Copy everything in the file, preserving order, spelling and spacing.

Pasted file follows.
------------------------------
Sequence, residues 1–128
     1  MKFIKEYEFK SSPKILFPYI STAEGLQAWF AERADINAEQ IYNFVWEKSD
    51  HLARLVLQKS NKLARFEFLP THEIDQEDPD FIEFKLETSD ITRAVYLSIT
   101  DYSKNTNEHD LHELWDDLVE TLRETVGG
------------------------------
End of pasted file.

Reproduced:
Sequence, residues 1–128
     1  MKFIKEYEFK SSPKILFPYI STAEGLQAWF AERADINAEQ IYNFVWEKSD
    51  HLARLVLQKS NKLARFEFLP THEIDQEDPD FIEFKLETSD ITRAVYLSIT
   101  DYSKNTNEHD LHELWDDLVE TLRETVGG